2016 was a very good year when it came to the state budget, which ended with a surplus of 61.8 billion crowns. The result is the best since the foundation of the Czech Republic in 1993. The last time revenues exceeded expenditures was in 1995 and the result is a feather in the cap for Finance Minister Andrej Babiš. But critics charge that the achievement could not be attributed to the minister alone, far from it.
The minister of finance, Andrej Babiš, presented the figures for the country’s economic performance in 2016 at a news conference in Prague on Tuesday afternoon. Some analysts say the positive results are in part due to a trimming of investments by some 70 billion crowns, while others argue that the state’s taxation rates are too high; the finance minister maintained that tax revenues were simply being handled more effectively; as for the European Union, he added, funds had been sent to sectors where they had been owed for 2015.
Economists point out that the factors which influenced the result were many. Opposition party leaders, such as Petr Fiala of the Civic Democrats, criticised the interpretation of the result on Twitter, saying that a high surplus did not mean good economic management. He reminded Twitter users that the government had not invested, had not made enough use of European funding, and had not lowered taxes.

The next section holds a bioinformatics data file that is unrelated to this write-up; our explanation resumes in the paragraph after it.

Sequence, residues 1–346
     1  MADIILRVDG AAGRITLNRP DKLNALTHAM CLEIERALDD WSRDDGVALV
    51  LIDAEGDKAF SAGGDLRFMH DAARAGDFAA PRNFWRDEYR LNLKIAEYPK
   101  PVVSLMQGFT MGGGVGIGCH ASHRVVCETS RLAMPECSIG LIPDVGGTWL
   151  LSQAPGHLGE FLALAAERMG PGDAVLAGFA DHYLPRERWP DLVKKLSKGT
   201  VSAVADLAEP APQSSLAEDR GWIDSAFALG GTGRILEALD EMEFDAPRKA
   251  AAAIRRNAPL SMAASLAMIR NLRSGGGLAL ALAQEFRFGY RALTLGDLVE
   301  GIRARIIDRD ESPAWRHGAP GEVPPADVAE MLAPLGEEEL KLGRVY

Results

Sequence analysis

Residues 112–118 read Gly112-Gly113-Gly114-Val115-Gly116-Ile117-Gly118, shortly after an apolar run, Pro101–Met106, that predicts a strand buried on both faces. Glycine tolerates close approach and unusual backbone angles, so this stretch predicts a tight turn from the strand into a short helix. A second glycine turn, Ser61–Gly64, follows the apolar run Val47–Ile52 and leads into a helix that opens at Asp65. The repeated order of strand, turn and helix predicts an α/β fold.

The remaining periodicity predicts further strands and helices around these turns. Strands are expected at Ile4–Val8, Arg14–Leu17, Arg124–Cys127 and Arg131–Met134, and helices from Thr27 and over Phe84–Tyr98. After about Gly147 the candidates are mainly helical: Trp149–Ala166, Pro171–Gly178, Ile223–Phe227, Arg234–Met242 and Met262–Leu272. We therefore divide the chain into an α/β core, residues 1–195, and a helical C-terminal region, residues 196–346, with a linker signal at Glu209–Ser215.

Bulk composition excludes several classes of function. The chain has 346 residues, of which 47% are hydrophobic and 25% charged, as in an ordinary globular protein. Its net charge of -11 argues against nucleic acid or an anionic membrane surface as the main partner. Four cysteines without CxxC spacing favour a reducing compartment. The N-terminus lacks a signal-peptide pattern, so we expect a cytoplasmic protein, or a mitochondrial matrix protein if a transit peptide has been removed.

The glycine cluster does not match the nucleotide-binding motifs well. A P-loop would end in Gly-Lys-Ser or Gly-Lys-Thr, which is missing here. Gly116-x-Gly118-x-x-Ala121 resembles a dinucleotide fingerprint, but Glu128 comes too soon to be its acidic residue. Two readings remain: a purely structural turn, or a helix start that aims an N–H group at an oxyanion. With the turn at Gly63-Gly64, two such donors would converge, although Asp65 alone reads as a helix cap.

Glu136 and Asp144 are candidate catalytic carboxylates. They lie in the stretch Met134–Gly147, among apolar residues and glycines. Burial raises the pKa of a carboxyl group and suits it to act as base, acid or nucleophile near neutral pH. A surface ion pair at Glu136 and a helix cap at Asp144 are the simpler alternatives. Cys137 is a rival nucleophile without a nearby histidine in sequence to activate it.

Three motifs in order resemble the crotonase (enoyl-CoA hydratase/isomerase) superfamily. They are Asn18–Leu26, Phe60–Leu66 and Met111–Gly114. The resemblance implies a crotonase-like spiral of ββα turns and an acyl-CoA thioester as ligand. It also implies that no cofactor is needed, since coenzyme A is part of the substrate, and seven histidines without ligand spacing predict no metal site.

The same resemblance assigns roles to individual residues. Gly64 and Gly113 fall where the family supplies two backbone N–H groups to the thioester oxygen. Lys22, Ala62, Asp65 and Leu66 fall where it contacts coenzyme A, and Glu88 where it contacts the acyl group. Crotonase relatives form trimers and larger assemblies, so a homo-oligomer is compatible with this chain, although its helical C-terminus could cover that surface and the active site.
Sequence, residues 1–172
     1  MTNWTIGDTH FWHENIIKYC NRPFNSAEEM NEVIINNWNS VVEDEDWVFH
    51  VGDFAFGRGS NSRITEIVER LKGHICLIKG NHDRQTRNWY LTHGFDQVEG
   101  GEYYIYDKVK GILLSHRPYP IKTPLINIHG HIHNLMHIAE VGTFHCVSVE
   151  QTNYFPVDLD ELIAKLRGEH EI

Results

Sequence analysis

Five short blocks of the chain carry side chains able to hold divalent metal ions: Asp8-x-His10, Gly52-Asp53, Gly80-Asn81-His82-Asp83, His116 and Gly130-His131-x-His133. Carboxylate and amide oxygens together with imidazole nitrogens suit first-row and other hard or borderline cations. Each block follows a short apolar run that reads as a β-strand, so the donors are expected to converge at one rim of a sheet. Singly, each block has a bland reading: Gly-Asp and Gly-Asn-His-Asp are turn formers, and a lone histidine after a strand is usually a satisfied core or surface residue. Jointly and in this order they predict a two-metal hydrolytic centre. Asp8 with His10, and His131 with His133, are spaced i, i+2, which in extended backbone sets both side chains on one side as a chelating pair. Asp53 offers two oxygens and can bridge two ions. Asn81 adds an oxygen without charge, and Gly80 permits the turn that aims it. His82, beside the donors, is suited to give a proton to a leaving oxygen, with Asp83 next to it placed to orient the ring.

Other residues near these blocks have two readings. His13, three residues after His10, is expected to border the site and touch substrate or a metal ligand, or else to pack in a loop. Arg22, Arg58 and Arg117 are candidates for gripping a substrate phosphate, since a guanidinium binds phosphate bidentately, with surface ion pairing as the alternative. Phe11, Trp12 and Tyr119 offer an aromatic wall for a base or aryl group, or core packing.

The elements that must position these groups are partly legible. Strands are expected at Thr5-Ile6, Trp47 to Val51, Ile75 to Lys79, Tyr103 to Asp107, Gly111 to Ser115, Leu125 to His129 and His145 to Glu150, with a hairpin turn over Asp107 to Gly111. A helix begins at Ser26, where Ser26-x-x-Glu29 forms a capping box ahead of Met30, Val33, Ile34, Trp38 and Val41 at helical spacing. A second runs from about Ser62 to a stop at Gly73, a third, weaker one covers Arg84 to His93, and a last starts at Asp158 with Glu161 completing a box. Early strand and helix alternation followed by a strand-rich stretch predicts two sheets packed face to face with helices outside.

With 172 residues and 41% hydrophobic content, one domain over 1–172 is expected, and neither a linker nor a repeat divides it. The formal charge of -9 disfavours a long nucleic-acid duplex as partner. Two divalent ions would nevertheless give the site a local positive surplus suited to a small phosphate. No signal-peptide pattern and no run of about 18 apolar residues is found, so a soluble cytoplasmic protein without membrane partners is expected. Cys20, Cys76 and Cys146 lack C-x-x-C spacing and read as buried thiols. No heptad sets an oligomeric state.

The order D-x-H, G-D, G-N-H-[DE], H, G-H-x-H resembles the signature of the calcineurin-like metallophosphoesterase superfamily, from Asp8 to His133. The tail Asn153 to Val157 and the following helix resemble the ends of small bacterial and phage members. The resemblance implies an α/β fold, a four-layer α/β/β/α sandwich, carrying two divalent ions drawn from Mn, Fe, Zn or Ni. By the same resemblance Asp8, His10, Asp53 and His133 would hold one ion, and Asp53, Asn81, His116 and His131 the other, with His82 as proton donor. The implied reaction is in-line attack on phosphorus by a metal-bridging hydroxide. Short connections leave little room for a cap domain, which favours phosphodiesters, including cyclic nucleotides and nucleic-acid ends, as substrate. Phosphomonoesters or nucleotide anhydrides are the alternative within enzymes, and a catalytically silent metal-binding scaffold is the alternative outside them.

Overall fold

Prime Minister Bohuslav Sobotka, meanwhile, suggested that the government as a whole had played a key role, not only better claiming EU funds but also prompting economic growth and improvement employment figures. He told Czech Radio that the funds saved should be rolled over to help lower the deficit this year:
“There is a chance that these funds could go towards lowering the deficit in 2017. I think that is a priority.”
Long-time critic and rival to Andrej Babiš, the head of TOP 09 Miroslav Kalousek said that the surplus in last year’s budget was the result of extraordinary factors which he did not attribute to the current government:
“The surplus is the result of economic growth which the government cannot take credit for.”
He repeated the view that the government had failed to invest effectively, a view which echoed by Marek Černoch, the head of Dawn – National coalition, who said that the surplus had been paid for or bought by fewer investments, in infrastructure and transport. He suggested, as have others, that that would lead to problems in the future.
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